A Mission Moment: The Power of the Written Word

By Rev. Timothy Brown, S.J.

During Lent the Rev. Timothy Brown, S.J., assistant to the president for mission integration, will share prayers and other reflections related to the corporal and spiritual works of mercy.

This week he writes about the Fr. Timothy Brown, S.J., Reading Scholars Program, which was established to inspire inner-city fifth through eighth graders with a love of reading and a willingness to mentor younger elementary students. Each scholar reads at least 20 books and gives at least 20 volunteer hours to mentor younger children after school and receives in return a $500 scholarship toward the tuition in an inner-city Catholic school.

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The Spiritual Works of Mercy invite us to instruct the ignorant and counsel the doubtful. What better way to do this than to pick up a book. St. John the Evangelist begins his Gospel: “In the beginning was the Word. And the Word was with God. And the Word was God.”

Words hold power. Words bring hope, peace, and strength.

My dream has always been that the Fr. Timothy Brown Reading Scholars Program will allow young readers to develop a real capacity to think, to write, and to pray as they discover the power of the word. (See a video of a few Fr. Brown Scholars reading here or here or here or here.)

Mario Vargas Llosa, who was awarded the Nobel Prize in Literature in 2010, in his acceptance speech wrote:

I learned to read at the age of 5, in Brother Justiniano’s class at the De La Salle Academy in Cochabamba, Bolivia. It is the most important thing that ever happened to me. Almost 70 years later I remember clearly how the magic of translating the word in books into images enriched my life, breaking the barriers of time and space and allowing me to travel with Captain Nemo twenty thousand leagues under the sea, fight with d’Artagnan, Athas, Portos, and Aramis against the intrigues threatening the Queen in the days of the secretive Richelieu, or stumble through the sewers of Paris, transformed into Jean Valjean carrying Marius’s inert body on my back. Reading changed dreams into life and life into dreams and placed the universe of literature within reach of the boy I once was. My mother told me the first things I wrote were continuations of the stories I read because it made me sad when they concluded or because I wanted to change their endings. And perhaps this is what I have spent my life doing without realizing it: prolonging in time, as I grew, matured and aged, the stories that filled my childhood with exaltation and adventures.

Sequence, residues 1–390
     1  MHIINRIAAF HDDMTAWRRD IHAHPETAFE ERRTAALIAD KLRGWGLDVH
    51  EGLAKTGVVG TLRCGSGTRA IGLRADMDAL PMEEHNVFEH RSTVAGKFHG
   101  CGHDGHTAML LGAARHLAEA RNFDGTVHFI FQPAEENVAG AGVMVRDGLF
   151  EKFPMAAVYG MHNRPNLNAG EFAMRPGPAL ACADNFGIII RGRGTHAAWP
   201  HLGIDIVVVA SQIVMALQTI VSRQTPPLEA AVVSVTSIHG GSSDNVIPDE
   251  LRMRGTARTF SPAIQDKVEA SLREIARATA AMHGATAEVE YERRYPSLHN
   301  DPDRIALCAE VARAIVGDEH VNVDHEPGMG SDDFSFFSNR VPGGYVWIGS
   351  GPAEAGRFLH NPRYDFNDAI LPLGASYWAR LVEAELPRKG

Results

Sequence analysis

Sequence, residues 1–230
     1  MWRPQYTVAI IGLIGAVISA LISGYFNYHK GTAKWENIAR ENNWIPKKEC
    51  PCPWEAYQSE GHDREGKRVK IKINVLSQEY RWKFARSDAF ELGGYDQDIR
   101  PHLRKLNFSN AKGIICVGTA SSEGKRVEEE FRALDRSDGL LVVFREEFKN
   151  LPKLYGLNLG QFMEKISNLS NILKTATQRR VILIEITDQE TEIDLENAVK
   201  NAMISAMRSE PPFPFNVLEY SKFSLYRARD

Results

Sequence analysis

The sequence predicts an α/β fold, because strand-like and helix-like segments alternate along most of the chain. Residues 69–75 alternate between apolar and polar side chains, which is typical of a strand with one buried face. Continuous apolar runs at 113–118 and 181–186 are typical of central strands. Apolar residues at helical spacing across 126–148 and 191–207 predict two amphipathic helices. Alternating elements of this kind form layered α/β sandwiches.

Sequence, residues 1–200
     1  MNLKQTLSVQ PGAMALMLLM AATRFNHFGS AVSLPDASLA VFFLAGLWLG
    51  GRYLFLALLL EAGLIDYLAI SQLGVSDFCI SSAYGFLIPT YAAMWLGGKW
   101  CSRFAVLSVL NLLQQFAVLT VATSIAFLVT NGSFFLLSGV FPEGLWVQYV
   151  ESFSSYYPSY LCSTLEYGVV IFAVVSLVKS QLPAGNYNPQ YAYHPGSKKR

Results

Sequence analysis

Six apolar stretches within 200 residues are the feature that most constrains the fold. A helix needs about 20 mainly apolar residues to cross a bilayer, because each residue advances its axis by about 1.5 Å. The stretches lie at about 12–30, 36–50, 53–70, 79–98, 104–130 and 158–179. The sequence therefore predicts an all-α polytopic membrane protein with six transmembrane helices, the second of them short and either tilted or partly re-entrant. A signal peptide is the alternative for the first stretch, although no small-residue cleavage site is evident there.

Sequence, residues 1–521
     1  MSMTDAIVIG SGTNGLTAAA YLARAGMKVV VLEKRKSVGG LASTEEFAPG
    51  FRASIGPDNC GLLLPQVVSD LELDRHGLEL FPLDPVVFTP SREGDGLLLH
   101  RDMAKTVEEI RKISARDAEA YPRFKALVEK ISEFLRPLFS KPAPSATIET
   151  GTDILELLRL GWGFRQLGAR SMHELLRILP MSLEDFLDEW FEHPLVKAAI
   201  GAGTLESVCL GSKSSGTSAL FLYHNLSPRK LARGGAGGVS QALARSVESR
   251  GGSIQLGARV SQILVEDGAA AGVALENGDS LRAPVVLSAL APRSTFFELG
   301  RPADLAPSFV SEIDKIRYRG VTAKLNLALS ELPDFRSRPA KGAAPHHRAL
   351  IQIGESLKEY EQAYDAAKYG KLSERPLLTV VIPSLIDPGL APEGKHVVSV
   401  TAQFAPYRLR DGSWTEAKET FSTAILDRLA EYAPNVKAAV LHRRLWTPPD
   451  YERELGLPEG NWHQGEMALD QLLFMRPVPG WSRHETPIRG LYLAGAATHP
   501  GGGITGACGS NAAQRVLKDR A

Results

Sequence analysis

Reading the Divine Office every day is the best reading discipline that the Church has to offer.

The breviary is the official prayer book of the Church. You do not have to be a Jesuit to pick it up and pray through the Psalms and readings of the day. Through the ministry of reading the Office, you can participate in the official ministry and care of souls. You can become a pastor in your own living room from early morning to late at night. By reading and praying through the Sacred Scriptures from Matins to Compline, you can read and pray with the entire praying community throughout the day.

The Church lives in time and with time.
Reading Matins
Night—night —everything is still
The Church at prayer…
The Church’s prayer for the Second Coming…
She prayed and waited for the return of Christ as the Judge of the world.

Psalm 94
Come let us sing joyfully to the Lord;
let us acclaim the Rock of our salvation.

Office is a beautiful way to consecrate the whole day. The day can be compared to a journey through the desert with a break every few hours to be refreshed at an oasis of Scripture.

Let us read and pray these Lenten days. Pray for the Fr. Brown Scholars. Pray for our city. Pray for our Church, our world, and for who depend on our daily Office.

Recommended Lenten Reading

1) Laudato Si: On Care for Our Common Home by Pope Francis
2) The Boys in the Boat: Nine Americans and Their Epic Quest for Gold at the 1936 Berlin Olympics by Daniel James Brown
3) Just Mercy: A Story of Justice and Redemption by Bryan Stevenson
4) Brooklyn by Colm Toibin
5) Felicity: Poems by Mary Oliver
6) The Road to Character by David Brooks
7) The Gospel of John

Find more reflections from Fr. Brown posted throughout Lent here.

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